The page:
|Title:||Invasion and Colonization Pattern of Fusarium fujikuroi in Rice||Authors:||Chieh-Yi Chen
|Keywords:||adventitious roots;bakanae disease;fluorescence microscopy;Fusarium fujikuroi;gibberellic acid;mycology;pathogenesis;real-time quantitative PCR;vascular bundles||Issue Date:||Dec-2020||Publisher:||The American Phytopathological Society||Journal Volume:||110||Journal Issue:||12||Start page/Pages:||1934-1945||Source:||Phytopathology||Abstract:||
Bakanae disease in rice can cause abnormal elongation of the stem and leaves, development of adventitious roots, a larger leaf angle, and even death. Little is known about the infection, colonization, and distribution of Fusarium fujikuroi in rice plants across different growth stages. In this study, microscopic observation and quantitative real-time PCR were combined to investigate the pathogenesis of bakanae, using artificially inoculated seedlings of a susceptible rice cultivar, Zerawchanica karatals (ZK), a resistant cultivar, Tainung 67 (TNG67), naturally infected adult field plants (cultivars Kaohsiung 139, Taikeng 2, and Tainan 11), and an F. fujikuroi isolate expressing green fluorescent protein. In rice seedlings, F. fujikuroi hyphae were found to directly penetrate the epidermis of basal stems and roots, then extend inter- and intracellularly to invade the vascular bundles. Occlusion of vascular bundles and radial hyphal expansion from vascular bundles to surrounding parenchyma were observed in adult plants. Analysis of consecutive 3-cm segments of the whole plant revealed that F. fujikuroi was largely confined to the embryo, basal stem, and basal roots in seedlings, and distributed unevenly in the lower aerial parts (including nodes and internodes) of adult plants. The elongation and development of adventitious roots did not necessarily correlate with the amount of F. fujikuroi in diseased plants. Treatment of rice seeds with gibberellic acid-3 (GA(3)) at 0.5 mg/liter resulted in significantly more elongation of ZK than TNG67 seedlings, suggesting that the susceptibility of ZK to bakanae is associated with its higher sensitivity to GA(3).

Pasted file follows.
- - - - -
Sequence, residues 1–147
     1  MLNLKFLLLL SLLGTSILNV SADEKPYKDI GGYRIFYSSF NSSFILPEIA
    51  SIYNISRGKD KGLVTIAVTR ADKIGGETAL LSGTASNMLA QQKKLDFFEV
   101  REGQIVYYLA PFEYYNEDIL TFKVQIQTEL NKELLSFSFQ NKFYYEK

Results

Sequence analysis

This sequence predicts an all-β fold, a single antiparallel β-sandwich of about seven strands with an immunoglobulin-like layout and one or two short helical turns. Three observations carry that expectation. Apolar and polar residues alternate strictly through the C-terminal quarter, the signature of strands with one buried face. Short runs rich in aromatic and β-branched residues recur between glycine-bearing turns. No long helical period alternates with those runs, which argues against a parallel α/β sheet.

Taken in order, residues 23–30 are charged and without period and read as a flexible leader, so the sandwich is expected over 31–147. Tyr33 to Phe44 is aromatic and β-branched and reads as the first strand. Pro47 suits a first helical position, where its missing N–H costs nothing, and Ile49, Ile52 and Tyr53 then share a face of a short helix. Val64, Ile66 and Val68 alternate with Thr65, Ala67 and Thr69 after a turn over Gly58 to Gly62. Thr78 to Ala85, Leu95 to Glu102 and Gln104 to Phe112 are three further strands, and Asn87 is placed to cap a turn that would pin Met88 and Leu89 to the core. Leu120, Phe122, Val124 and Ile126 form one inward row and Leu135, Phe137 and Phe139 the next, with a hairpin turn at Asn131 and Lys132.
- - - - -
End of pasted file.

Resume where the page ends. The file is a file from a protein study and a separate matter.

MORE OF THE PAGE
|Appears in Collections:||SCI期刊|
Items in DSpace are protected by copyright, with all rights reserved, unless otherwise indicated.